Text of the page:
Was it a dream?
No. But it does feel like one, now; not in the dreamy sort of way, but, you know, like a dream?
I still remember opening the door to my 1BHK apartment in a cluttered lane in Bangalore. After briefly estimating the space, I concluded that the large windows in the hall were suitable enough for me to sit and read the Hindu newspaper, in peace. I also imagined mild rains in the backdrop to enhance the appeal of the small room to my senses.
“It’s not great, but I might end up liking this house if I could do what I just imagined”, I reinstated my thoughts to myself, even as I went about arranging the mattresses on the floor in the next room.
My roomie interrupted my reverie.
“Shall I hang these green curtains here?”, she asked pointing to the windows in our bedroom.
[Let me now introduce you to my roomie, ST- I vaguely remember her. She was like that innocent belle from the country side, in a nice sort of a way, I guess.
She was a messy cook who left the kitchen like a bomb blast zone after cooking; she would listen to romantic songs on the eve of Valentines day and would talk about her ambitions of becoming X,Y and Z. I never really spent time with her- thanks to my other relationships, but there were some things quintessential about her, that are hard to forget]
Both of us (me and ST) worked for the same consulting firm which was about 6 Km from our house. We could have arranged for a better residence, given the distance of commute, but, ‘new’ as we were to the place, we took what we readily got. We arranged for the office cab services-for Rs.2500/month, we could get ourselves a home pick-up and drop.
We made friends with a nice chap who would give us a missed call- indicating the time for us to start from home. On our way to the cab stop, we would walk together, sometimes discussing stories from work and many other times, in silence.
We would wait at our stop near the US Pizza outlet and get into the cab at around 9:15 AM. Radio 1- RJ Prithvi’s show would be on air (it was a morning show in which the RJ would attempt to learn new Hindi words from the listeners).
During the journey, I would sometimes engage in merry conversations with my cab mates (read friends) until we would be dropped at work at around 9:35 AM (if there was no traffic and the roads were smoother than usual).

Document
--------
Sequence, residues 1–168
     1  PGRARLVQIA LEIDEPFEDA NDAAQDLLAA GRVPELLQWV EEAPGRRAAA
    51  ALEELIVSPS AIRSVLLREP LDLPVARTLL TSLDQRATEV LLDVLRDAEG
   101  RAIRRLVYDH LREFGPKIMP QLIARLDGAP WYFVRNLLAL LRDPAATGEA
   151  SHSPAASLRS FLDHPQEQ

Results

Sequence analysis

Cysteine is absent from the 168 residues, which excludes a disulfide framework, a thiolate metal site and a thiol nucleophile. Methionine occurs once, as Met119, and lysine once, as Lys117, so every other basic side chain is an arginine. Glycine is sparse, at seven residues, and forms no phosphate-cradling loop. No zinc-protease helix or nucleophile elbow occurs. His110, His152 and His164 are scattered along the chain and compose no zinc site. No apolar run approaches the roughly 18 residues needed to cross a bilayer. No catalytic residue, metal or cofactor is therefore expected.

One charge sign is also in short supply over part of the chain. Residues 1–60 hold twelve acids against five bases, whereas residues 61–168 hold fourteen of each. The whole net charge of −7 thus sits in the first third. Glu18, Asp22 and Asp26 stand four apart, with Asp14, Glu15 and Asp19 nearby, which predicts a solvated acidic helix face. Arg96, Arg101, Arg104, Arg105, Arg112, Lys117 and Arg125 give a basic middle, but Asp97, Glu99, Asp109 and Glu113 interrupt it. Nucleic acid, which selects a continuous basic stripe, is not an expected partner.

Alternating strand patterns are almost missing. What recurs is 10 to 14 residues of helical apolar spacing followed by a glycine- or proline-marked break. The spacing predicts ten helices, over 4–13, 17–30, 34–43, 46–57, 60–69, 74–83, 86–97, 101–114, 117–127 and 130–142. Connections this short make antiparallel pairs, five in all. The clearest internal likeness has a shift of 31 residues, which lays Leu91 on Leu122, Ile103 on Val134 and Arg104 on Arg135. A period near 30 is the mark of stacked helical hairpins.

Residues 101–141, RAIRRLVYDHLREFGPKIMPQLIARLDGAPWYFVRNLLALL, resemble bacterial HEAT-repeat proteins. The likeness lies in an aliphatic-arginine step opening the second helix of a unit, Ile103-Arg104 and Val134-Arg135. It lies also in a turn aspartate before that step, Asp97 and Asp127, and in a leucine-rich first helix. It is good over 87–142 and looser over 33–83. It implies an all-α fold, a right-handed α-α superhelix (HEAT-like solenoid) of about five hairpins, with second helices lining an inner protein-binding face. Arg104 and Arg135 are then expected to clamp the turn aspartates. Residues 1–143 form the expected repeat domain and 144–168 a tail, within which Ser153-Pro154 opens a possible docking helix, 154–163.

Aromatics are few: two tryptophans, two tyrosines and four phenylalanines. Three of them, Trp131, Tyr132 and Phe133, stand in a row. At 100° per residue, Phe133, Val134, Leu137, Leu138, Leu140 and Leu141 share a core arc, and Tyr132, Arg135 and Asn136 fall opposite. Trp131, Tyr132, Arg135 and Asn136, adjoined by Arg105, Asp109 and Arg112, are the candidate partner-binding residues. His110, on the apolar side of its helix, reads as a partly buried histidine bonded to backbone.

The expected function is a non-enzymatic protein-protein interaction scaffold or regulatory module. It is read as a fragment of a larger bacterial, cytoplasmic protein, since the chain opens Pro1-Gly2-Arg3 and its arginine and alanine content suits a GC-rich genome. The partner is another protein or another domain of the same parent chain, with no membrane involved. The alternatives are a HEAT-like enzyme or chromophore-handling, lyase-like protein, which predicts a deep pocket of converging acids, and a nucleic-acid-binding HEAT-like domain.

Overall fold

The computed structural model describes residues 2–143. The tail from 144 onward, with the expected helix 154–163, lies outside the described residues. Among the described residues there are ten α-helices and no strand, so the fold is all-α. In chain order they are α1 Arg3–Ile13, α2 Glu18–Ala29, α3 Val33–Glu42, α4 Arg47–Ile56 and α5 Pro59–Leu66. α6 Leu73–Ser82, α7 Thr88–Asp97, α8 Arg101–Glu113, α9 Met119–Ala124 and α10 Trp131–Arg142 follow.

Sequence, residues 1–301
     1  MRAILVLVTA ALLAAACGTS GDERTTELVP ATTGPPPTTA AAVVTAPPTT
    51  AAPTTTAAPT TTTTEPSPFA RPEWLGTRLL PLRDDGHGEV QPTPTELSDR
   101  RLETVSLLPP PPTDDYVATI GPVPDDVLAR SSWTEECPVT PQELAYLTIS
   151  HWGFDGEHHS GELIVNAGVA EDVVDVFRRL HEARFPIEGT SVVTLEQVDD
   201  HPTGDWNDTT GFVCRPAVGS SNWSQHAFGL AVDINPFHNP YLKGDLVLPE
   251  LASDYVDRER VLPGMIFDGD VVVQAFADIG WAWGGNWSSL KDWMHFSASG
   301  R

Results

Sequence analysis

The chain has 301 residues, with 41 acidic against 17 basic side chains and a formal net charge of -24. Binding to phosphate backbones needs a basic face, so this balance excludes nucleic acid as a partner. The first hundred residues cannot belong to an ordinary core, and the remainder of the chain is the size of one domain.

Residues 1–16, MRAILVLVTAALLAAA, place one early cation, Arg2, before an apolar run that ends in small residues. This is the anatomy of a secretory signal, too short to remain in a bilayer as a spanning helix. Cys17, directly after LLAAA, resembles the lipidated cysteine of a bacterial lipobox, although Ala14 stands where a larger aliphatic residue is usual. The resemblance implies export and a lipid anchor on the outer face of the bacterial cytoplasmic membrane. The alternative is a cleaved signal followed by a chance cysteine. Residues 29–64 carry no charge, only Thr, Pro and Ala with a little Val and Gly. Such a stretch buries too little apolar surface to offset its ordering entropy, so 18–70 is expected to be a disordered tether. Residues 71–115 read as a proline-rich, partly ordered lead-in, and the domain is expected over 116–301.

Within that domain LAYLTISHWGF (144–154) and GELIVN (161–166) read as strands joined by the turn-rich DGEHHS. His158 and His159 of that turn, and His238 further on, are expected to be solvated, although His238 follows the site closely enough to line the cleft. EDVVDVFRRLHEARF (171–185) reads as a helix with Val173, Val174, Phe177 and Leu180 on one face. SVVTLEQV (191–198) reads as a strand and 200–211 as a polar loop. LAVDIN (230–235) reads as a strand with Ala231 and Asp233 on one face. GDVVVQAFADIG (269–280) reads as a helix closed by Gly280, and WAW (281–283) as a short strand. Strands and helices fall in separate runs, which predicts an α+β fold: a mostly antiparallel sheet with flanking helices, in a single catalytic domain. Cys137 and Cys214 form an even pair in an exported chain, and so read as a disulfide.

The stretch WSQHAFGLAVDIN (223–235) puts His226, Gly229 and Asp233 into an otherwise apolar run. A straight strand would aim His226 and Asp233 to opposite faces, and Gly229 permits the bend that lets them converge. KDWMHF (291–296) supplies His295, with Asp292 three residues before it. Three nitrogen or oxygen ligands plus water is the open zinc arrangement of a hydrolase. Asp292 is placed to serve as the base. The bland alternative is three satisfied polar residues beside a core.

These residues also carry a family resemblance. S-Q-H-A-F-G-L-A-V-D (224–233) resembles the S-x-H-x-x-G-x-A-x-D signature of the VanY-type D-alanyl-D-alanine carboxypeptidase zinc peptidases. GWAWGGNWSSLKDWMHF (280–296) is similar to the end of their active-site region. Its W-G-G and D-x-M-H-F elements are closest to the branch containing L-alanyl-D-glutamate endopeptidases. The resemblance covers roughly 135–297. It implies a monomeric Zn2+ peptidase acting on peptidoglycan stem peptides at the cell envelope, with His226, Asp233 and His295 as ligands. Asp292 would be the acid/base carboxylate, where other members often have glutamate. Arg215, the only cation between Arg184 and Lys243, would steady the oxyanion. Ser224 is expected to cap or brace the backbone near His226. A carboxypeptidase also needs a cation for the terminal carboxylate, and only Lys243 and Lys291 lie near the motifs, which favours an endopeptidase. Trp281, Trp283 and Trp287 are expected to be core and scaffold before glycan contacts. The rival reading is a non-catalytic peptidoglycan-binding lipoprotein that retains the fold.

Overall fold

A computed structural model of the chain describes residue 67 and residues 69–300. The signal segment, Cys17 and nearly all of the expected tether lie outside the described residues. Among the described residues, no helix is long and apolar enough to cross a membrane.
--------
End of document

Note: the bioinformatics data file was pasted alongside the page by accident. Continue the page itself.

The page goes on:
I would then go for breakfast with a couple of my other friends to the Chettinad mess- a south Indian dhaba behind our office, and would open my laptop around 10:30 AM (to begin office work).
The day would be filled with work, lunch, tea and work.
After a routine day at work, we would get into the cab once again at 7:00 PM sharp and reach the home stop at around 7:30 PM.
On our way back, ST and I would get some vegetables from one of the several grocery shops on the lane, and amble our way back to the house.
We would then cook a meager meal (with the little energy, we have left after work) and open our laptops again to monitor our social networking accounts.
My roomie- she would sometimes talk to her parents for over an hour, and then we would sometimes engage in small talk, crushes, leg-pulling etc. before calling it a day, and hitting our beds.
At least, this is what we did, for the first 3 months of our life in the noisy, yet lonely house in Bangalore.
Things changed after those 3 months, for me.
I started disliking the place for its remoteness; I found the company of the only other person in the house, painful; I yearned for better, and more company- loads of friends; I found the mundane-ness of the household unbearable- I started going out often with refreshing and regaling people.
But, while I moved on, my roomie- well, she didn’t.
She found herself stuck to the loneliness of the household and, did not try hard to change the way it was. I would sometimes come home to watch my roomie sulking or crying in the corner. I knew that she needed a break- some more friends, maybe. But, unlike me, she never attempted to get out of it, and continued to live with it. In some ways, I think she enjoyed the self pity that she felt for herself.
However, one fine day, after 1.5 years of monotonous living, she decided to tie the knot.
I was happy for her- at least, she was making an attempt to move towards a different life!
Within 3 months of knowing the guy, she got married, and moved to a different location.
I moved on too; a nice apartment with loads of people and plenty of ventilation.
[This is when I realized the importance of a happy house. To me, the way my new house was built, made a whole lot of difference. Some structures could make you feel depressed, and some others, happy. My first house belonged to the former category. Had it not been for the company of friends, er, to be precise, “that someone” who came into my life, then (not my roomie), I’m not sure if I would have been the sane person that I was, when I finally vacated the building]
It feels like a dream- my life in my first residence in Bangalore (which incidentally also had a name sounding like that of a ghost Bungalow- Vittobai Nilayam).
Because,I probably never “lived” there…
I want to document more on my stint in Bangalore- random instances; I shall do that soon, and in greater detail J